Viewing politics through the prism of morality, the Aquino administration has heavily invested in its inherently uncertain legal battle against China. It is an approach that fuels the Philippines’ sense of righteousness, but may not necessarily facilitate the resolution of the maritime disputes in the South China Sea.

The Aquino administration has even prevaricated on joining the China-led Asian Infrastructure Investment Bank (AIIB) and welcoming any major Chinese investments in the country. Today, the Philippines is one of the fewcountries in the region that doesn’t count China as its top trading partner.

Much Ado about Nothing

Earlier this year, Malcom Cook, a Southeast Asia expert, went so far as to claim that the “2016 Philippines presidential election looks like it could lead to a sharp change” in Philippines’ policy towards China. After all, Philippine-China relations enjoyed a brief honeymoon during the Arroyo administration, while one of the leading 2016 presidential candidates – who is now rapidly losing support among voters – has repeatedly expressed his preference for a more pragmatic approach to China.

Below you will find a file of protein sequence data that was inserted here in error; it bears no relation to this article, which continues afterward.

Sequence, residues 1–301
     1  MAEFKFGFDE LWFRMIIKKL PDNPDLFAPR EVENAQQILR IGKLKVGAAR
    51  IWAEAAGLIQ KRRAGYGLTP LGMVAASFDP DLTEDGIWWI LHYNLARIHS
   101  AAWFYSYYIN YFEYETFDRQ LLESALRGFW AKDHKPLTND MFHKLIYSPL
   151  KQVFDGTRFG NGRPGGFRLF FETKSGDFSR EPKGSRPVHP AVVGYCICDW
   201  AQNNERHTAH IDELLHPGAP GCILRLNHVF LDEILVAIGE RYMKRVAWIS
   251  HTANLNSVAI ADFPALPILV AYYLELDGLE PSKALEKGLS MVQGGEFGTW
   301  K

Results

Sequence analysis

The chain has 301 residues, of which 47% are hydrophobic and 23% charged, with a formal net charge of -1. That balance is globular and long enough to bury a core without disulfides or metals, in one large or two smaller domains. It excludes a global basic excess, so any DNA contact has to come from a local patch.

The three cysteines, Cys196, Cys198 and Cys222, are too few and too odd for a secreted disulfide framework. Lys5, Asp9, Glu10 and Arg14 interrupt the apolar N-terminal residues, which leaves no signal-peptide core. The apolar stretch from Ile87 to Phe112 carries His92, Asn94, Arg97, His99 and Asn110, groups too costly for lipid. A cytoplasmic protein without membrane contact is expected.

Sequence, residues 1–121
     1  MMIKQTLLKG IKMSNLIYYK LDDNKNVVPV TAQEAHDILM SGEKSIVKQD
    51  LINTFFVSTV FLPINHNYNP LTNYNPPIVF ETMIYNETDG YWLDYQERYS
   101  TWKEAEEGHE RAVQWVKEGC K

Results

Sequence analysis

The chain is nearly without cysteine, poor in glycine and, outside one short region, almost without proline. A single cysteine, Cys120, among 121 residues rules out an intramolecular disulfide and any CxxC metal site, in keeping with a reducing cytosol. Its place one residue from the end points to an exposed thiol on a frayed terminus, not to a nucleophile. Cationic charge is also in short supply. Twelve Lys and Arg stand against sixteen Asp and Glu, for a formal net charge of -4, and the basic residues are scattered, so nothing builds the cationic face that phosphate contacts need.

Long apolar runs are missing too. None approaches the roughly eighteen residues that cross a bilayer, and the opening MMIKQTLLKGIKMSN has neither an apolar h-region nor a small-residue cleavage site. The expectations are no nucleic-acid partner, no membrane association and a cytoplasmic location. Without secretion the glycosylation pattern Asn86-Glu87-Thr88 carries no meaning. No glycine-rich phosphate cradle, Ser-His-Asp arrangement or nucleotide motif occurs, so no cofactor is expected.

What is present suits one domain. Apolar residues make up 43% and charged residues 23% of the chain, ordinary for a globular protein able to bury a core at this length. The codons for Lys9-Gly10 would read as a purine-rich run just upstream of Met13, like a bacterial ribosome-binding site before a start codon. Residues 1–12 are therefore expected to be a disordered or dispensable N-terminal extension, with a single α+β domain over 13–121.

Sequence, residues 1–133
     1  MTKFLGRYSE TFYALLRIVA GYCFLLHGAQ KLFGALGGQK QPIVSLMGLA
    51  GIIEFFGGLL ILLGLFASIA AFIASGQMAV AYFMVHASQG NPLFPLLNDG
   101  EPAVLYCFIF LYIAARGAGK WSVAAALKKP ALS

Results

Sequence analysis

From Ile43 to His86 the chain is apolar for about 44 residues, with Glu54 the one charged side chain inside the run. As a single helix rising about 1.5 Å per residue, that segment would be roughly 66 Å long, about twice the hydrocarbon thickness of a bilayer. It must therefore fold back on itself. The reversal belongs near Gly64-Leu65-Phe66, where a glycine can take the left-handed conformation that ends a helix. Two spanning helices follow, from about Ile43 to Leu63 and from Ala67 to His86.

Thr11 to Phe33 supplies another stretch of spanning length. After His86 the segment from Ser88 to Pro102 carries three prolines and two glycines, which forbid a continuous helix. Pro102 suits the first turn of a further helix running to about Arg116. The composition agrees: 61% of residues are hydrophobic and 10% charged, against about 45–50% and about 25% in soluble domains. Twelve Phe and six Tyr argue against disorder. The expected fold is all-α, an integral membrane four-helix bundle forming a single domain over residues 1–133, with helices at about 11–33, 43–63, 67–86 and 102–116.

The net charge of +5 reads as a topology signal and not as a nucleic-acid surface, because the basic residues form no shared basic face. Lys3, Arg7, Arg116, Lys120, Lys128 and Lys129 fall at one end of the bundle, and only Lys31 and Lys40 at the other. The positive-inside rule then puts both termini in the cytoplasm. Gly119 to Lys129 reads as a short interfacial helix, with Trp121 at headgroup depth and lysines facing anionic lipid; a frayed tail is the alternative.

Though more Filipinos are now skeptical of Aquino’s China policy, to think that his departure from power will radically change the Philippines’ foreign policy is misguided. First of all, in the past, especially during the Arroyo administration, there was a very limited public awareness vis-à-vis the territorial disputes in the South China Sea, thereby creating space for striking difficult deals with limited outside scrutiny.